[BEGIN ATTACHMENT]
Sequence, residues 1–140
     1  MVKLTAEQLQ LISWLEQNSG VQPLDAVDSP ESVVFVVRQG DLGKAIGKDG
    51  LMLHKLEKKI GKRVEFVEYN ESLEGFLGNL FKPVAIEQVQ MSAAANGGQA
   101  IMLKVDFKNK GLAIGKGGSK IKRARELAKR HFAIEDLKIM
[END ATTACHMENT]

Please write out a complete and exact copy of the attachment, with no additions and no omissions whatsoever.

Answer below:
Sequence, residues 1–140
     1  MVKLTAEQLQ LISWLEQNSG VQPLDAVDSP ESVVFVVRQG DLGKAIGKDG
    51  LMLHKLEKKI GKRVEFVEYN ESLEGFLGNL FKPVAIEQVQ MSAAANGGQA
   101  IMLKVDFKNK GLAIGKGGSK IKRARELAKR HFAIEDLKIM